New research shows that sensory and cognitive changes associated with aging can both increase hearing-related fatigue and protect against such fatigue. People who suffer from listening fatigue feel exhausted from everyday communication and feel the need to expend a lot of energy listening to and understanding others. The new findings were published in psychological science.
It is well known that aging is associated with reduced hearing sensitivity and changes in cognitive function. But surprisingly little is known about how these psychological variables interact with each other.
“Language understanding is a highly complex process that evolves over the entire human lifespan. Our brains must filter the variety of irrelevant sounds we encounter in our everyday lives (e.g. traffic noise, background conversations) to successfully perform this skill,” said study author Ronan McGarrigle, associate professor of psychology at the University of Bradford.
“While these ‘backstage surgeries’ go largely unnoticed for many people, for others (eg, those with hearing loss) this process can be costly. For about a decade I have been interested in better understanding how to characterize and measure these costs, which often involve feelings of tiredness and exhaustion from listening.”
“I found it both fascinating (and, frankly, a little worrying) that we know so little about an experience that feels very intuitive and familiar to most of us, but which can seriously impact the quality of life of those most affected. “
In the study, 281 adults between the ages of 18 and 85 completed an auditory attention task that assessed their ability to follow one speaker while ignoring another. Participants also performed subjective assessments of auditory fatigue, memory, mood states, sensory processing sensitivity, and hearing impairment.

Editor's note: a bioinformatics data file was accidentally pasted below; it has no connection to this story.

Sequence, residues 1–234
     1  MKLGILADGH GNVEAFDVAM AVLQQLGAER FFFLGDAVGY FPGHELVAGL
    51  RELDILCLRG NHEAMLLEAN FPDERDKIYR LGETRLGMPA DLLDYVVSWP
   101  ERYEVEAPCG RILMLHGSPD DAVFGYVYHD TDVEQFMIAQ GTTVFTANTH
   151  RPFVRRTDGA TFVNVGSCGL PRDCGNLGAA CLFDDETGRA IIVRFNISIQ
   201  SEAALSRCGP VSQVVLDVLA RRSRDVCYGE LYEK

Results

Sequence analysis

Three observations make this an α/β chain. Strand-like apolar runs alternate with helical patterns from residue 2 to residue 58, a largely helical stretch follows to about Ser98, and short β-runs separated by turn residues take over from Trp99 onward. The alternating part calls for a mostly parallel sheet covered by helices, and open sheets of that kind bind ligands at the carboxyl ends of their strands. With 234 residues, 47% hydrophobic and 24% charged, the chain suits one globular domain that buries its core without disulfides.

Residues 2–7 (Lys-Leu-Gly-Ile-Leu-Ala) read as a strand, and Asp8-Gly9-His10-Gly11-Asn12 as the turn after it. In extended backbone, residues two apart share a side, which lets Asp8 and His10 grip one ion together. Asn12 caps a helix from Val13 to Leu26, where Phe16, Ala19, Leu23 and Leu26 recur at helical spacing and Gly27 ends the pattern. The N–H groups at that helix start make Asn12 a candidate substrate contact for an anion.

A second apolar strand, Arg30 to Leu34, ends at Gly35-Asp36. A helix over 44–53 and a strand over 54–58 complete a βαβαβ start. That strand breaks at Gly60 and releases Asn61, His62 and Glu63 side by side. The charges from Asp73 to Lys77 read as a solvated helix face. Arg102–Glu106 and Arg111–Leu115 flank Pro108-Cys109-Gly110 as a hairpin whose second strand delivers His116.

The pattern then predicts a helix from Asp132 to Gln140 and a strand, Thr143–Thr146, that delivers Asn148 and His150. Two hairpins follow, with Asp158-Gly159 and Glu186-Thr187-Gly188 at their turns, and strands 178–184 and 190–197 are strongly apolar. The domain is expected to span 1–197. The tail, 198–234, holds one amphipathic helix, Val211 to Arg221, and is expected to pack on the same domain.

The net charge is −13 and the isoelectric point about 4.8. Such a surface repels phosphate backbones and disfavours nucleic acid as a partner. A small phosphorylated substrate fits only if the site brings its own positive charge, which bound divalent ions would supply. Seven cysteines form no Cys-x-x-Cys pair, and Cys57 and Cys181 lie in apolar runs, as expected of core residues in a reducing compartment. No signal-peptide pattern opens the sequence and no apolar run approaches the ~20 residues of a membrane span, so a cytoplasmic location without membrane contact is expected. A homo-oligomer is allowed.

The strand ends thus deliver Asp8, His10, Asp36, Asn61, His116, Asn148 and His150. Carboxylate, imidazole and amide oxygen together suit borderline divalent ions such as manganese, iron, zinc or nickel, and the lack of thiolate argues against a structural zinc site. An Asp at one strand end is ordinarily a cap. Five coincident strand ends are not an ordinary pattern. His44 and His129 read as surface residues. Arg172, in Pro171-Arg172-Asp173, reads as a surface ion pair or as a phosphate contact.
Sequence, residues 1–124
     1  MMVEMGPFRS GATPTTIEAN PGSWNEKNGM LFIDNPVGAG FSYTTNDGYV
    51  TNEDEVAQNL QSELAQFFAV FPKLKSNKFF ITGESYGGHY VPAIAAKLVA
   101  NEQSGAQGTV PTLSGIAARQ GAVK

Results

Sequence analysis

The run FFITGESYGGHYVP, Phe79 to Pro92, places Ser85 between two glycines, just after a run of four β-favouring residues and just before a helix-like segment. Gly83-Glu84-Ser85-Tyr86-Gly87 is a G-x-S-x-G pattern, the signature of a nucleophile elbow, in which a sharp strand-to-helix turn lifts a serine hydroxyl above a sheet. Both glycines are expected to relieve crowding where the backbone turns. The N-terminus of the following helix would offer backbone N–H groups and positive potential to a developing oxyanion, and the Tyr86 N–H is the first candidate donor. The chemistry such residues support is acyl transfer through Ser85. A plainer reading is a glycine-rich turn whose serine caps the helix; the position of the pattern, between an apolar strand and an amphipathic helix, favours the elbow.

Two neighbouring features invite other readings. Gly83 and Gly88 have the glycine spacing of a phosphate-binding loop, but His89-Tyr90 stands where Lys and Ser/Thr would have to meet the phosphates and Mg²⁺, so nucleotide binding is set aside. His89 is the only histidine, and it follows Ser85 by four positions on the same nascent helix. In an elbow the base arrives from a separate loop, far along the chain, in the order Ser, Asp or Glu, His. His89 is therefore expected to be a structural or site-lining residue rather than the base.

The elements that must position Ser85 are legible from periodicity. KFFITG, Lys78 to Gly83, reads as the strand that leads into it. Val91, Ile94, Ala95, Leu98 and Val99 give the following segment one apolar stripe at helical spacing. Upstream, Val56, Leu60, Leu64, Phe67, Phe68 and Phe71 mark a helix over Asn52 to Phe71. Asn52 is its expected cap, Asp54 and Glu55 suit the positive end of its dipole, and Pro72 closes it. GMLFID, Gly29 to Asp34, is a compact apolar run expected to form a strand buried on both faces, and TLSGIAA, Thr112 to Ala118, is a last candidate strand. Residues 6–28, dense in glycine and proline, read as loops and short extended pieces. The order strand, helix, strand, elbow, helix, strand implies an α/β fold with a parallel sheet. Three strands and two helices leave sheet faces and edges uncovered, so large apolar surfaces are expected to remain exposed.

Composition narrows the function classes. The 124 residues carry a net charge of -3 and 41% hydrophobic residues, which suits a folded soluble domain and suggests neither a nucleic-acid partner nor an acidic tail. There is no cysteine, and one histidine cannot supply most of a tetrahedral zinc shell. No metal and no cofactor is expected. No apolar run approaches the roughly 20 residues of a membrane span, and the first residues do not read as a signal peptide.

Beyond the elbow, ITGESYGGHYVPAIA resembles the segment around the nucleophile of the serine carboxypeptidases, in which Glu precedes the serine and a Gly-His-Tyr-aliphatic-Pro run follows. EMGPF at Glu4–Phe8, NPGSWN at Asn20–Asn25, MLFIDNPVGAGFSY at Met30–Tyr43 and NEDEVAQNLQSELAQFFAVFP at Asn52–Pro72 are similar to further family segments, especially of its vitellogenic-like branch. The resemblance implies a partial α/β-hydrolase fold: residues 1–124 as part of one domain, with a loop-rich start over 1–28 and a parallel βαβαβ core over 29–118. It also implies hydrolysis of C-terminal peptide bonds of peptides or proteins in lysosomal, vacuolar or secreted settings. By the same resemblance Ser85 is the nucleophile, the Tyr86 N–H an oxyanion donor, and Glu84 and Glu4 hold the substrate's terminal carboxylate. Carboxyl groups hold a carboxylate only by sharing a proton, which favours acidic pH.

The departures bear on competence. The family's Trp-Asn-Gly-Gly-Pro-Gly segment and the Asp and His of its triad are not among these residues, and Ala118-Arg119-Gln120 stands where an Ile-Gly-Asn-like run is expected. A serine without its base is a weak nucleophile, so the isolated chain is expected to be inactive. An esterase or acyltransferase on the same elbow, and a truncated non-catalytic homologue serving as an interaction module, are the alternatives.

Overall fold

Older adults tended to report greater hearing impairments, which in turn was associated with increased hearing-related fatigue. But after controlling for perceived hearing impairment, auditory attentional ability, and perceived memory ability, the researchers found that older adults actually tended to report less hearing-related fatigue than younger adults. This reduction in auditory fatigue in older adults appeared to be related to an age-related reduction in mood disorder and sensory processing sensitivity.
The researchers also found that older adults had lower auditory attention spans compared to their younger peers, which was associated with less auditory-related fatigue, but only for those with high sensory processing sensitivity.
“Our hearing sensitivity and cognitive abilities fluctuate in a variety of ways with age,” McGarrigle told PsyPost. “Among the best-documented age-related changes are memory and hearing losses in older adulthood. However, the current study results suggest that lower levels of mood disorders and reduced sensitivity to environmental stimuli may help protect us from hearing-related fatigue as we age.”
The researchers excluded potential participants who suffered from health conditions that can cause fatigue and those with clinically significant hearing loss.
“We were interested in investigating the prevalence of hearing fatigue in the normal healthy aging population,” McGarrigle said. “As a result, the study sample did not include individuals with a clinically diagnosed hearing loss, who are likely to be among those most vulnerable to hearing-related fatigue. We also know relatively little about the prevalence of hearing fatigue in other populations, including those with language or cognitive deficits or those who routinely communicate in their non-native language.”
“A limitation of the current study is that it is largely based on self-reported data, which means we cannot rule out the possibility of subjective bias in participants’ responses. Finally, the results are correlative in nature. Future research examining the causal factors underlying hearing-related fatigue is warranted.”
The Predictors of Listening-Related Fatigue Across the Adult Life Span study was authored by Ronan McGarrigle, Sarah Knight, Benjamin WY Hornsby, and Sven Mattys.